Doctor Gregor asks for directions and follows her family’s caravan to Bariloche, and eschewing his official residence, decides to become the first guest of her parent’s re-opened Guest House on the Nahuei Huapi lake. Eva (Natalia Oreiro) and Enzo (Diego Perretti) welcome the business. Bariloche, a picture perfect enclave of Swiss style chalets, is full of German-speaking Argentines.
Lilith and her siblings attend the German-speaking school where their mother Eva was raised. School pictures reveal students saluting a Nazi flag. Mysterious hydroplanes come and go on the lake near Gregor’s new lab.
Lilith’s drawn in by his gentle seduction, especially when he offers to cure her stunted growth with experimental shots to “make her bone’s grow,” Tired of her schoolmates cruel remarks, Lilith begs her mother Eva to agree.
Eva, pregnant with twins (Mengeles’ ongoing fascination), is thrilled that her daughter may achieve her full height and willingly complies with all the doctors requests, including his untoward interest in her pregnancy. Virtually displaced in his home, father Enzo begins to suspect him, especially when he offers to underwrite Enzo’s doll factory. New arrival, photographer Nora Eldoc (Elena Roger) increases the story’s tension.
DP Nicolás Puenzo and art director Marcelo Chaves highlight the picture book perfection of the Andean pseudo-Alpine village, a setting for a slow moving tale about the intimate seductive force of evil.
Known as “Little Switzerland” Bariloche made international headlines in 1995 when it was outed as a haven for Nazi war criminals. SS Hauptsturmführer Erich Priebke had been the director of the German School of Bariloche for many years. Authors such as Abel Basti and Simon Dunstan & Gerrard Williams contend that Hitler and Eva Braun hid at an estate in Bariloche, until the early 1960s.
RAQUEL: A MARKED WOMAN Thursday, February 20, 8:00 p.m.
During the early twentieth century, thousands of Eastern European Jewish women were lured to Argentina with promises of marriage and opportunity, only to meet a sadder fate: a life of prostitution and degradation. Raquel: A Marked Woman tells the extraordinary story of a woman who dared to fight back. Join director Gabriela Böhm for a Q&A and talk after the screening. Presented in association with the Jewish Genealogical Society of Los Angeles. (USA and Argentina, 2013, 34 min. No MPAA rating. In English.) $8 General; $5 Full-time students; FREE to Skirball and JGSLA Members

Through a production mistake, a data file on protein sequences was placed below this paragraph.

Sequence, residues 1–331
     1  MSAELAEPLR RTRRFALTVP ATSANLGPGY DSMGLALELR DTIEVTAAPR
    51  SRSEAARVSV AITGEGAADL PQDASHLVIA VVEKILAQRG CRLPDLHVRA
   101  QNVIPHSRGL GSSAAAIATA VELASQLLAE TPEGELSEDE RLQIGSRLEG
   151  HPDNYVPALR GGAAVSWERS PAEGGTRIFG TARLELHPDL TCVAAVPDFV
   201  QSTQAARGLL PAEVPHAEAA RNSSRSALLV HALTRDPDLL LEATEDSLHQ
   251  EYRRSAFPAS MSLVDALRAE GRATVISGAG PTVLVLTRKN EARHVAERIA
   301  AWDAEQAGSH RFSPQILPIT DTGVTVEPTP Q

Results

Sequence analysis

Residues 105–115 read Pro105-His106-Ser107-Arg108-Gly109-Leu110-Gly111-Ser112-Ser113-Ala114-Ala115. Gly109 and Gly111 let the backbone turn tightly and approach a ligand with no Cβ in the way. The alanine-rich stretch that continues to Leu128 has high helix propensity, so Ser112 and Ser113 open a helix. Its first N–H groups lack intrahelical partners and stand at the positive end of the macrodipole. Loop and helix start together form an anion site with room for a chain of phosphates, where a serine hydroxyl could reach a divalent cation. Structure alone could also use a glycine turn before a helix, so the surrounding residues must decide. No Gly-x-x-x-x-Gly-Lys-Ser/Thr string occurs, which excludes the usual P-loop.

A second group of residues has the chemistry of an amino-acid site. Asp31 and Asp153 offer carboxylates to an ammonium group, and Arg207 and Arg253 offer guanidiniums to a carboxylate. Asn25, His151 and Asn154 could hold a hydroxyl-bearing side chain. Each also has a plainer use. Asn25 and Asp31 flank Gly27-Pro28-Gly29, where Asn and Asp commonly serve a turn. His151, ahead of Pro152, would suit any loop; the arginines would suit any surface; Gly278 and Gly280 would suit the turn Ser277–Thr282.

The Skirball Cultural Center is located at 2701 N. Sepulveda Blvd., Los Angeles, CA 90049 (exit Skirball Ctr. Dr. off the 405). Parking is free.
The Skirball is also accessible by Metro Rapid Bus 761.
Museum hours: Tuesday–Friday, 12:00–5:00 p.m.;
Saturday–Sunday 10:00 a.m.–5:00 p.m. Closed Mondays.
Museum admission: $10 General; $7 Seniors, Full-time students,
and children over 12; $5 Children 2–12.
All exhibitions are free to Skirball Members and children under 2.
Exhibitions are free to the public on Thursdays.
The Skirball is also home to Zeidler’s Café, which serves innovative California cuisine in an elegant setting and Audrey’s Museum Store, which sells books, contemporary art, music and more. For general information, please call (310) 440-4500 or visit www.skirball.org.
The Skirball Cultural Center is dedicated to exploring the connections between 4,000 years of Jewish heritage and the vitality of American democratic ideals. It welcomes and seeks to inspire people of every ethnic and cultural identity. Guided by our respective memories and experiences, together we aspire to build a society in which all of us can feel at home. The Skirball Cultural Center achieves its mission through educational programs that explore literary, visual, and performing arts from around the world; through the display and interpretation of its permanent collections and changing exhibitions; through an interactive family destination inspired by the Noah’s Ark story; and through outreach to the community.